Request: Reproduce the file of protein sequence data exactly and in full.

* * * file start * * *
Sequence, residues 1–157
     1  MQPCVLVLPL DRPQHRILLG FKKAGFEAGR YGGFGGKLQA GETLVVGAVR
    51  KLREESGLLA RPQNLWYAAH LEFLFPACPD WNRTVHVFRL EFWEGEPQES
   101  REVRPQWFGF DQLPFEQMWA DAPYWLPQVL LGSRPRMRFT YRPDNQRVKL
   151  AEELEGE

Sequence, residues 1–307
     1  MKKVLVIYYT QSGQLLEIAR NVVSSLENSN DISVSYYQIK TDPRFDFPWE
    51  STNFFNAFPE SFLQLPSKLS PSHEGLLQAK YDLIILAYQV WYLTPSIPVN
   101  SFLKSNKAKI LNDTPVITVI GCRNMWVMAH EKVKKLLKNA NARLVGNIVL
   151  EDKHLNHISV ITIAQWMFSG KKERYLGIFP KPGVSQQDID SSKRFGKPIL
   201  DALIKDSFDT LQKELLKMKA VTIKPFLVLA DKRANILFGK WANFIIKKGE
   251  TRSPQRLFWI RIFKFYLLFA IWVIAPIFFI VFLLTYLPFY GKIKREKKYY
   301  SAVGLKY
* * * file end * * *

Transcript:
Sequence, residues 1–157
     1  MQPCVLVLPL DRPQHRILLG FKKAGFEAGR YGGFGGKLQA GETLVVGAVR
    51  KLREESGLLA RPQNLWYAAH LEFLFPACPD WNRTVHVFRL EFWEGEPQES
   101  REVRPQWFGF DQLPFEQMWA DAPYWLPQVL LGSRPRMRFT YRPDNQRVKL
   151  AEELEGE

Sequence, residues 1–307
     1  MKKVLVIYYT QSGQLLEIAR NVVSSLENSN DISVSYYQIK TDPRFDFPWE
    51  STNFFNAFPE SFLQLPSKLS PSHEGLLQAK YDLIILAYQV WYLTPSIPVN
   101  SFLKSNKAKI LNDTPVITVI GCRNMWVMAH EKVKKLLKNA NARLVGNIVL
   151  EDKHLNHISV ITIAQWMFSG KKERYLGIFP KPGVSQQDID SSKRFGKPIL
   201  DALIKDSFDT LQKELLKMKA VTIKPFLVLA DKRANILFGK WANFIIKKGE
   251  TRSPQRLFWI RIFKFYLLFA IWVIAPIFFI VFLLTYLPFY GKIKREKKYY
   301  SAVGLKY